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Return empty handed or join the strike: Truckers’ dilemma in Hyderabad

Most drivers usually unload goods in the city and return with stocks of cement, stones.

Published: 02nd April 2017 05:14 AM  |   Last Updated: 02nd April 2017 05:14 AM   |  A+A-

Workers unloading sacks at Rythu Bazar in Hyderabad on Saturday | vinay madapu

Express News Service

HYDERABAD: City markets are buzzing with activity and it is business as usual for all traders even as the lorry drivers strike enters the third day on Saturday. Lorry drivers plying essential commodities are now mulling joining the strike from Monday.

But truck drivers who were at the markets have no option but wait out the strike or turn back home empty handed which is not a profitable option. “The lorry strike has not affected my business,” said Abid Hussain, a 32-year-old trader at Rythu Bazaar, Erragadda. “I have one truck load waiting to be unloaded and the stocks will last me till the strike is over,” he added.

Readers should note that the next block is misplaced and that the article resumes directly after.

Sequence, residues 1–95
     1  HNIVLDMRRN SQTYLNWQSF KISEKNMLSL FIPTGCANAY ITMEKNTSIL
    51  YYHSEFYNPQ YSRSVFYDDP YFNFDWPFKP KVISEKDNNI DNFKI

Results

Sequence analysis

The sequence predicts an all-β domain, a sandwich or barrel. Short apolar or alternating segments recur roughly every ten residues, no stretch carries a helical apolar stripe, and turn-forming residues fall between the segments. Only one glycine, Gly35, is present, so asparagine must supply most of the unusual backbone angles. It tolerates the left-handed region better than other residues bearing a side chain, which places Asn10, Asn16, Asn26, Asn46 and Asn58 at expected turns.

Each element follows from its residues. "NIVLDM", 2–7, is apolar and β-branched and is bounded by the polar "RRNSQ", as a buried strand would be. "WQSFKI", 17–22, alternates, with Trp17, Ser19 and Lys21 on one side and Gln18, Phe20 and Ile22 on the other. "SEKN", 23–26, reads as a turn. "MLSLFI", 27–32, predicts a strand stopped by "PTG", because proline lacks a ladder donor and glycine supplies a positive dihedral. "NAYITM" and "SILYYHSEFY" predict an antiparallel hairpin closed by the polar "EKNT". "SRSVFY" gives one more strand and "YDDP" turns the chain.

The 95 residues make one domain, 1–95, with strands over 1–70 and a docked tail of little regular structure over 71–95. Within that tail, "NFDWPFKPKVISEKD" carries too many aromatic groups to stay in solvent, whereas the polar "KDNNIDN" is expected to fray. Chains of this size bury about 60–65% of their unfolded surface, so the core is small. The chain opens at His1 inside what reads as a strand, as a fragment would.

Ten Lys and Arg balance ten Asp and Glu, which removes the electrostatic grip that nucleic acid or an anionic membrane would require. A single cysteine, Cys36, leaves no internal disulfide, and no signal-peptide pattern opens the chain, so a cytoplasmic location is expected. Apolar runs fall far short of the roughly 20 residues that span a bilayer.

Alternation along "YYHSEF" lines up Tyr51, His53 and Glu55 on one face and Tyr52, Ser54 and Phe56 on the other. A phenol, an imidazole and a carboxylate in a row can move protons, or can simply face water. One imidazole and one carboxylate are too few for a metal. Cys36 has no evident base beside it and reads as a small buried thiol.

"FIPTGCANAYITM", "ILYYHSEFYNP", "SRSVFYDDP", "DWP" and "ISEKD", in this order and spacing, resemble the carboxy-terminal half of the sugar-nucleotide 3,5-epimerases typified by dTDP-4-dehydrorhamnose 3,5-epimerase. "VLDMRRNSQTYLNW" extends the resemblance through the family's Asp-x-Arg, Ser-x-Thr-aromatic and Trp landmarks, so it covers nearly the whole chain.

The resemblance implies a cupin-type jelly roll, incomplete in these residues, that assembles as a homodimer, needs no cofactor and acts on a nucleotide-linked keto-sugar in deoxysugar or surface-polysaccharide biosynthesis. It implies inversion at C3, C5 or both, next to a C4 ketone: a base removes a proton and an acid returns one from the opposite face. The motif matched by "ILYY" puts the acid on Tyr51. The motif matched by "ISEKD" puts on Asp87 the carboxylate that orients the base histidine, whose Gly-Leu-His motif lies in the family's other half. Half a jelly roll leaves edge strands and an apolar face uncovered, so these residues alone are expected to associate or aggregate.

Abid gets his stock of onions from Solapur. “There are about 2.5 lakh vehicles taking part in the strike, only 10 per cent of the vehicles are not taking part as they are catering to essential commodities,” said G Durga Prasad, general secretary, Telangana Lorry Owners Association. The strike will go on till our demands are met, he added.

Mohammad Illiyas has been a lorry driver for over 25 years. He had come to Kothapur market at Malakpet with onions. It is routine for him to unload the goods at the market, restock with goods meant for Maharashtra. But with the ongoing strike, he has decided to stay put in Hyderabad as an empty return journey does not make economic sense.

“Most drivers take a return trip to Karnataka where they load cement or stones before heading back to Solapur, but am unable to do that as my truck can’t handle that type of load,” says Illiyas.

But Illyas is in solidarity with the strike and doesn’t mind the interim losses he is facing, “The Rs 20,000 for insurance premium by itself is very hard for most of us truck owners to pay but they have no hiked it to Rs 40,000. They say either pay up or sell your vehicle to scrap. I don’t have that kind of money.”

For every trip the drivers make, they have to shell out a minimum of Rs 2,000 on maintenance alone.
“I bought my truck for Rs 3 lakh two years ago. Be it a new vehicle or old, something breaks now and then. The spare parts don’t come cheap,” says Illiyas.



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